[By Clarissa Richee]
Margaret Walker’s poem “For Malcolm X” joins a tradition of literature honoring Malcolm X and his legacy after his death in 1965. Walker’s poem focuses less on Malcolm the man and more on those he stood for and the movements that grew out of his influence.
Walker begins her elegy by first calling out the beginnings of that movement, the various factions of the African American community who felt they’d been “violated” by their cultural position. Walker writes to this community in frank, bold descriptions, calling them out with a second person “you,” signifying that they are her true audience, and relating readers to their plight.
Walker paints members of this bitter and burdened community as victims of Malcolm’s murder. She describes them as “black faces [that] have hollowed pits for eyes,” and she names them using words like “violent dreamers,” “heartbreak,” “cries,” “hooked,” “bums,” and “burning.” Such descriptions invoke a sense of both pain and desperation. Similarly, the way she calls them to “gather” around their fallen champion is almost prophetic of the gatherings that resulted from his death.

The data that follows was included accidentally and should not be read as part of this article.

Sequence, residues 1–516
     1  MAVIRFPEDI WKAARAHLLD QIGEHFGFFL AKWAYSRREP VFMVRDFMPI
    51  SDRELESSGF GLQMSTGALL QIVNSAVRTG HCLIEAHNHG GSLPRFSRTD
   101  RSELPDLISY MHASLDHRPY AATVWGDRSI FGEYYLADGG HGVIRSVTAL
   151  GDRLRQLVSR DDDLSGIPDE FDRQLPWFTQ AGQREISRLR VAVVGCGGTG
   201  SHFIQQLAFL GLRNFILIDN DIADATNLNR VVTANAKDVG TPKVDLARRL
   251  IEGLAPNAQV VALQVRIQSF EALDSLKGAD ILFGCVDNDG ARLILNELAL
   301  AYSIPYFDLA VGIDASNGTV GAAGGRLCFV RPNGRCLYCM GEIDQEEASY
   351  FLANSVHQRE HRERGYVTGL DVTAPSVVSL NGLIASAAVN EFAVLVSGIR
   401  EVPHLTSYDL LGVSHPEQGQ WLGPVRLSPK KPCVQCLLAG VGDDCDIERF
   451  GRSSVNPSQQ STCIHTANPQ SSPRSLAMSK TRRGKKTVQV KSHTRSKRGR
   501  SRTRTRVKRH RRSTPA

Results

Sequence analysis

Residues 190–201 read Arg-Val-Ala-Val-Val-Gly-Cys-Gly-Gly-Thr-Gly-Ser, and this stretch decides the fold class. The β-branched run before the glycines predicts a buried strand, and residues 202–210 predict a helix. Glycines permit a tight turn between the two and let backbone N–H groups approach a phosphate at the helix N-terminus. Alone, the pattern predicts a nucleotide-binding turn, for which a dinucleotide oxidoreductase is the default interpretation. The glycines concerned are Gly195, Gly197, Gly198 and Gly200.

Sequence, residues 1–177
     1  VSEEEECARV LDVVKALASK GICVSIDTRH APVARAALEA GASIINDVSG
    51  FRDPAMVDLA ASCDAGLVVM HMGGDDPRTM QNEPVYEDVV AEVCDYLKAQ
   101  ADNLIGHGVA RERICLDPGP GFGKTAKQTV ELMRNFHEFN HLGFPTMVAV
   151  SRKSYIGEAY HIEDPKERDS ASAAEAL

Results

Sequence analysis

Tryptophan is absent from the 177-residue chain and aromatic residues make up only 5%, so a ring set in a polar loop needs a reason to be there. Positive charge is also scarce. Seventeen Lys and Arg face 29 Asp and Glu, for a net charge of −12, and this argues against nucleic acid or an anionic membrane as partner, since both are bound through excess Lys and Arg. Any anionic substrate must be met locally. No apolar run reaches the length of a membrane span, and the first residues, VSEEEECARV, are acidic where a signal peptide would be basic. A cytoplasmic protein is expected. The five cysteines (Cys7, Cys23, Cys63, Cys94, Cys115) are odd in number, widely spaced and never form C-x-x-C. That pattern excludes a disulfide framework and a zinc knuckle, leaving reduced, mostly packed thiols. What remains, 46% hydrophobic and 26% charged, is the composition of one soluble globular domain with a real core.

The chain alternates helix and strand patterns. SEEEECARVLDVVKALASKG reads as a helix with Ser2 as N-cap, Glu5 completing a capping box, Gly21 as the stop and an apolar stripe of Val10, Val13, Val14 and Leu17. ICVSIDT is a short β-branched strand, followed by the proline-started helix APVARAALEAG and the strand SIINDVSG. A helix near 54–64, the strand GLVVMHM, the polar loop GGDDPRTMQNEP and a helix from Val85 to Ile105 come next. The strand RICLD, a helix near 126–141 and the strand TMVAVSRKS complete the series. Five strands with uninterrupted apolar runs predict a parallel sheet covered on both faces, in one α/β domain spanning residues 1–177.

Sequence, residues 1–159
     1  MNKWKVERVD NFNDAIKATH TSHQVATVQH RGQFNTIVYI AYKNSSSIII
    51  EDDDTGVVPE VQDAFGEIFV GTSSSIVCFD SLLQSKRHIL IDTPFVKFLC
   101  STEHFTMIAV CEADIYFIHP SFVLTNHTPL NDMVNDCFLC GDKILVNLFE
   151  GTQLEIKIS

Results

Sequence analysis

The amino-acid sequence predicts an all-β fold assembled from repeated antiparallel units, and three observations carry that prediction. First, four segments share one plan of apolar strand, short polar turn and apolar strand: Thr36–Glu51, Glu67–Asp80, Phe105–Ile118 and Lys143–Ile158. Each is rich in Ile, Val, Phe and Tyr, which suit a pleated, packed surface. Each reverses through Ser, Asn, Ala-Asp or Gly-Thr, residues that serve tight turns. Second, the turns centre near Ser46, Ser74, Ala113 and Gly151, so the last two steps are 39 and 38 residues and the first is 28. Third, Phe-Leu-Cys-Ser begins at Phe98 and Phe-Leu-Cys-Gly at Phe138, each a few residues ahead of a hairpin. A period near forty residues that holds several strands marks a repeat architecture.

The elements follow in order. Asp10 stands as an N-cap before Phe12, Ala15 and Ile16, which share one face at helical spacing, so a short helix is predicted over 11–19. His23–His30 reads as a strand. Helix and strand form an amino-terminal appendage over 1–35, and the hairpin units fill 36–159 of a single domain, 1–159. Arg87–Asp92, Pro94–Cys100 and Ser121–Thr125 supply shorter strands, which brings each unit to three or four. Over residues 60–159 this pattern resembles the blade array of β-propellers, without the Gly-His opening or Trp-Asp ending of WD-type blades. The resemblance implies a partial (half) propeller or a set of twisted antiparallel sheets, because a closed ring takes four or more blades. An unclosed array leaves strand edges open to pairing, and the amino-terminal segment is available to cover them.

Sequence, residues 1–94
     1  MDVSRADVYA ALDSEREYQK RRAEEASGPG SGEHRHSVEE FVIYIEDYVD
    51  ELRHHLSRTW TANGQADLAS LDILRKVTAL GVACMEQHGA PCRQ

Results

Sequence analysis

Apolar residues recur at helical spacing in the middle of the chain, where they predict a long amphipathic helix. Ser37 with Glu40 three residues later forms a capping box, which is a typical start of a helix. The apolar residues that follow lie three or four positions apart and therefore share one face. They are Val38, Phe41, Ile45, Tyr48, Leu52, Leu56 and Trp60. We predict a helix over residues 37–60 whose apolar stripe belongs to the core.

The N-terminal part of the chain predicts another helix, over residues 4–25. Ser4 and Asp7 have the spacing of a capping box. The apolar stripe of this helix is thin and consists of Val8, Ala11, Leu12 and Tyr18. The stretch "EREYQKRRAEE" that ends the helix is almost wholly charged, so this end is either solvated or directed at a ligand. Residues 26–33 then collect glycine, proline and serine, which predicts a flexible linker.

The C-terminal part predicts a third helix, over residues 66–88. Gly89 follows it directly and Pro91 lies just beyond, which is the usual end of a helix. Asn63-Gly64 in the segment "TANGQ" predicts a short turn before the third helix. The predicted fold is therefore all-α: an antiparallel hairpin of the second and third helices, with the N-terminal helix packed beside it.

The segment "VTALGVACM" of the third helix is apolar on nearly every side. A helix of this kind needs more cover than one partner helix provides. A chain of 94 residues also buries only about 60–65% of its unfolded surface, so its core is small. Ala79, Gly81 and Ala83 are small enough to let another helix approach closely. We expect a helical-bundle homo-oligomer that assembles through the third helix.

In the second stanza, Walker continues to use imagery as a tool to evoke emotion in her readers. She also changes her “you” to include herself, stating “Beautiful were your sand-papering words against out skins!/ Our blood and water pour from your flowing wounds.” Here, she paints Malcolm as a Christ-like figure and mourns not the mortality of the man himself, but for loss of the impact he had on a hurting community.
She ends the poem by calling for a replacement, hinting that is could arise from anywhere “Old man mumbling his dotage, crying child, unborn?” The question mark at the end is both hopeful and suggestive; the new revolutionaries are yet to come.